(Trinidad Guardian) T&T will sign an inter-governmental agreement (IGA) with the United States Internal Revenue Service (IRS) on December 31, the Central Bank has said. In its most recent Financial Stability Report released October 16, covering up to June, the Central Bank said that this will happen as T&T and other Caribbean countries move to comply with the US’ Foreign Account Tax Compliance Act (FATCA).
FATCA, a US tax law which came into effect in January, was designed and enacted to combat offshore tax evasion by “US persons” with accounts and/or investments with both foreign financial and non-financial entities. FATCA places a requirement on foreign financial institutions (FFIs) to identify and report information on certain “US persons” invested in accounts outside of the US and for certain non-US entities to provide information about any US owners to the IRS.
A “US person” under FATCA refers to a citizen or resident of the United States of America, a US partnership or corporation. FFIs include, but are not limited to, commercial banks, non-bank financial institutions, asset managers, investment products and insurance companies where products have an investment element, the Central Bank explained.
“It is expected that FATCA may impact both financial and non-financial companies in Trinidad and Tobago that receive income from a US source, either directly in the conduct of their business, or indirectly through relationships with other financial institutions. Non-compliance carries significant implications for local financial institutions,” the Central Bank said. To comply with the FATCA requirements, T&T must resolve some issues.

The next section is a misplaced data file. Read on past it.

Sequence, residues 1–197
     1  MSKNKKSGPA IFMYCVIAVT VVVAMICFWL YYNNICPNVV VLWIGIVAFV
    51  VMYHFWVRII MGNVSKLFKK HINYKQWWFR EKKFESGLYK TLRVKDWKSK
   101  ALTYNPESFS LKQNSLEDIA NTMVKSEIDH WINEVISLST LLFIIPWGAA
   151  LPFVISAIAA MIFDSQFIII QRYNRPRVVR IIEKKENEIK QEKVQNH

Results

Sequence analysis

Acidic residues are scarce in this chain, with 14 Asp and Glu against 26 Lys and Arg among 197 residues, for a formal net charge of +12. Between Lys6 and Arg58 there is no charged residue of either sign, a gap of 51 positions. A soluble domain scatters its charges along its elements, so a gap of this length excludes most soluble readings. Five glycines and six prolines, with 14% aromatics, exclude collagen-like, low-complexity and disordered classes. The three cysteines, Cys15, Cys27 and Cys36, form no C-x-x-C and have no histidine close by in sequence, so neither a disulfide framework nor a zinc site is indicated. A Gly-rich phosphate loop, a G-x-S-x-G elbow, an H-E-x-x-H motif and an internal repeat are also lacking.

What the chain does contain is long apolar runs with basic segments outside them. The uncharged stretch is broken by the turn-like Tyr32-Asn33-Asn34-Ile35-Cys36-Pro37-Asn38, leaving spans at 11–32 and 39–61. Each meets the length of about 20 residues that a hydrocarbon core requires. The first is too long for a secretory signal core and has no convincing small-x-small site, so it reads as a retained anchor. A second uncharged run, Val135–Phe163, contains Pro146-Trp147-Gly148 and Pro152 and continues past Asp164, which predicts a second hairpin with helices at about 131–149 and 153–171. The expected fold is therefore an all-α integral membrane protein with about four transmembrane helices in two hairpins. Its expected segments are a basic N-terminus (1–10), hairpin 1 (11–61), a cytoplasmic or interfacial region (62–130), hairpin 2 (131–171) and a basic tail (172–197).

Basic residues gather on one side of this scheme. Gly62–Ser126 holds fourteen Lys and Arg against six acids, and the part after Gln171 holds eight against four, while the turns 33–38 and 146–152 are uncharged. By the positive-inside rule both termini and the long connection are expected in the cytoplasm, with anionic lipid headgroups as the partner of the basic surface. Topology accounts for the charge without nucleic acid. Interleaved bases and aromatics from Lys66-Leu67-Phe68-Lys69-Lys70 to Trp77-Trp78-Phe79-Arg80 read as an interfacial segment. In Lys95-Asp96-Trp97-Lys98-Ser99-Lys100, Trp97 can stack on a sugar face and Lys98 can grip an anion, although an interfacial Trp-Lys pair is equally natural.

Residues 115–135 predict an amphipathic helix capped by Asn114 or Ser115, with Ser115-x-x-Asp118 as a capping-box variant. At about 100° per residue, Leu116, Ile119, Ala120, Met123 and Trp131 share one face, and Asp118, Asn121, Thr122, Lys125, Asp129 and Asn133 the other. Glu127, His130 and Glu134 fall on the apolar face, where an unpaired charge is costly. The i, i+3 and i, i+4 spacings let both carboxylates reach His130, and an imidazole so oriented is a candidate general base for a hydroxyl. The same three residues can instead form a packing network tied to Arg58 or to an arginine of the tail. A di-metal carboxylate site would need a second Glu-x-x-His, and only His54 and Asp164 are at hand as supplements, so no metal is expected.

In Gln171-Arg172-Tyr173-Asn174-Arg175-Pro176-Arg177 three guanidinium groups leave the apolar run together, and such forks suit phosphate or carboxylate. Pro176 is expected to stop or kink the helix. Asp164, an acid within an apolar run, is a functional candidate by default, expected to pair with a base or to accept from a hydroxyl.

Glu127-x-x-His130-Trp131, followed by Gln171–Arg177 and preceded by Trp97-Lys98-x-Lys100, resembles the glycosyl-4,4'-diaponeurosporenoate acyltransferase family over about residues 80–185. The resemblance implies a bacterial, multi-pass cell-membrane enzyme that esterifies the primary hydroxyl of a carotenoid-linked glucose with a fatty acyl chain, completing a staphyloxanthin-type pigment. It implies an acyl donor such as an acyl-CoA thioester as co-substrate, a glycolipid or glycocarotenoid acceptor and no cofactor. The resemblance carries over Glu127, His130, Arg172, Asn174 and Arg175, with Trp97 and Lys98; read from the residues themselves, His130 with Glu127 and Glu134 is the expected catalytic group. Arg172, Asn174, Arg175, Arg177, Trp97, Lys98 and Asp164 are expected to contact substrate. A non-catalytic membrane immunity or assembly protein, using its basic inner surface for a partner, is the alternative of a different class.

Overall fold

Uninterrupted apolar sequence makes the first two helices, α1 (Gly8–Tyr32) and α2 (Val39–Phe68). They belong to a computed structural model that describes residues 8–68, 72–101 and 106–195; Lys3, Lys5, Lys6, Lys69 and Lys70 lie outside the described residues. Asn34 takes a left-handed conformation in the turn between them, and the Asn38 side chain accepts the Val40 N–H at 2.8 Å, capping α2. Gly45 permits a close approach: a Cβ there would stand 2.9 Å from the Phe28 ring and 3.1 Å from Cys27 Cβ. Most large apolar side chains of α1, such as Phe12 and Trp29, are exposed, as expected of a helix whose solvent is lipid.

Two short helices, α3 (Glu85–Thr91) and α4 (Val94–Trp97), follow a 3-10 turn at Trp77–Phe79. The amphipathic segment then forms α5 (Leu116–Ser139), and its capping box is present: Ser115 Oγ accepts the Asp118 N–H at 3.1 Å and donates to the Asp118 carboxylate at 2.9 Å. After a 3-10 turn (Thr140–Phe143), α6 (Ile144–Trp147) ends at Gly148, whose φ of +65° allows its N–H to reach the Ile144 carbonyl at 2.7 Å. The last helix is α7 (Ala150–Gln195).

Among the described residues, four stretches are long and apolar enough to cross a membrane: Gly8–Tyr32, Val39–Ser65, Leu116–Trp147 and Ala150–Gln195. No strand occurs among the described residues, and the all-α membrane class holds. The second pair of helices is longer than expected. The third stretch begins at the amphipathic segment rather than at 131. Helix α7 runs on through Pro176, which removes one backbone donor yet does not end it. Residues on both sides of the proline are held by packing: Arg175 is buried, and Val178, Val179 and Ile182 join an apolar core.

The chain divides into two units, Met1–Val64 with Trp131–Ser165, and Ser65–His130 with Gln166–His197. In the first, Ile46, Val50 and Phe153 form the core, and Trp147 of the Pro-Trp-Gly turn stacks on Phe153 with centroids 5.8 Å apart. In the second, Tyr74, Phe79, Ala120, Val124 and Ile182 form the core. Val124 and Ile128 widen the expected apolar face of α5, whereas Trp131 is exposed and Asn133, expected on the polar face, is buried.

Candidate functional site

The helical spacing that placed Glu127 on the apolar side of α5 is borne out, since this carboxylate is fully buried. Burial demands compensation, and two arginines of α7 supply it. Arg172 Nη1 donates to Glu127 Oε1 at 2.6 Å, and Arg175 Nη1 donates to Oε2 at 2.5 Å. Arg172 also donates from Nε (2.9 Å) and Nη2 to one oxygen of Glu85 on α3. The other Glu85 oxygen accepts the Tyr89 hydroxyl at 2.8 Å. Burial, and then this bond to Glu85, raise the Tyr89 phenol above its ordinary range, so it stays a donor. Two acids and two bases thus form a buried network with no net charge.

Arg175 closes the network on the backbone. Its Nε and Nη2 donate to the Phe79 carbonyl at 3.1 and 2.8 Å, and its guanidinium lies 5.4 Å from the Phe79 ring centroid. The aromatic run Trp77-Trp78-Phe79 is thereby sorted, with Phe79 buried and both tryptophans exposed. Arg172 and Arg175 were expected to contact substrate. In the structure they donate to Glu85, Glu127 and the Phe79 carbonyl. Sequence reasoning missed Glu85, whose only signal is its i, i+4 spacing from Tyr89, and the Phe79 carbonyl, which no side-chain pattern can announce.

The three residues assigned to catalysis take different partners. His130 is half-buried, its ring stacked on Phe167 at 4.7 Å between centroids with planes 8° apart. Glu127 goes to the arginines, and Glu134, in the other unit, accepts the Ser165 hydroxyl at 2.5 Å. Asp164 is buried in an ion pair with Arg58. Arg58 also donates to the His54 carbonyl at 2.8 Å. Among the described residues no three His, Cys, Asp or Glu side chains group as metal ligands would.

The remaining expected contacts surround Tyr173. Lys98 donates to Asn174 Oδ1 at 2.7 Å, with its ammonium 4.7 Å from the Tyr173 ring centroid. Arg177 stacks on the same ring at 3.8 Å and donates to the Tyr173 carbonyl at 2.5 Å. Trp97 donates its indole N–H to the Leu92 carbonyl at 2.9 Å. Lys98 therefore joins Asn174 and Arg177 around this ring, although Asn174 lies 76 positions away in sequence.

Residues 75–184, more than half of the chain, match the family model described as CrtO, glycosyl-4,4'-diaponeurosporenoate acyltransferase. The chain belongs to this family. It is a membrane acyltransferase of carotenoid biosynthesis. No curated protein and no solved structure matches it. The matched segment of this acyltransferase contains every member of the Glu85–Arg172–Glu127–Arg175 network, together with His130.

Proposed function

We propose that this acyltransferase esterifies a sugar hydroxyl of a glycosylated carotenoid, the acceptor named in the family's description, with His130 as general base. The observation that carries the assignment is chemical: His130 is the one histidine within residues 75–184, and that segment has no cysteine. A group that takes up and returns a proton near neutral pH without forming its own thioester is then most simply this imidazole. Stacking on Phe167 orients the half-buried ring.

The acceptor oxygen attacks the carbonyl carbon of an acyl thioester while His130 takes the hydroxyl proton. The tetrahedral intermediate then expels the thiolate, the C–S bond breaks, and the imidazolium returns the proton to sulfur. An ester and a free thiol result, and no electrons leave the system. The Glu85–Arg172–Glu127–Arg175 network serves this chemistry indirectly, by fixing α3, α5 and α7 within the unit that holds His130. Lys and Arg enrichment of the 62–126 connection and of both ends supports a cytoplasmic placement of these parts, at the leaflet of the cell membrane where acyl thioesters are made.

First, “conflicts with local laws which prohibit the disclosure of confidential information.” The bank explained that “currently, local disclosure laws prevent local institutions from sharing confidential client information. Consequently pertinent legislation would have to be amended or enacted to ensure compliance with FATCA requirements.”
Second, there are “implications for institutions with cross-border activities” regarding the choice of model IGA adopted. Two of the largest indigenous banks in T&T, First Citizens and Republic Bank Ltd own banks outside of T&T. “If an FFI maintains branches outside of one jurisdiction, then such branches would not be covered by the IGA signed in the head office jurisdiction. Consequently, FFIs must be cognisant of the IGA adopted in each jurisdiction where they have operations, in order to ensure compliance,” the report said.
Third, “technology limitations” means that “compliance with FATCA requires the installation of new and extended information systems to enable local institutions to fulfill the reporting requirements.” The regulator of banks in T&T said it is adopting a “regional approach to the FATCA regulations.” T&T is a member of a Regional Task Force created by the Caribbean Community’s Council of Finance and Planning under the auspices of the Caribbean Association of Banks.
“The task force is working towards a regional approach with regard to FATCA compliance in areas which allow for a regional approach. With regard to specific country-to-country negotiations with the US, some islands including Trinidad and Tobago have begun the process of negotiating IGAs with the IRS,” the report said.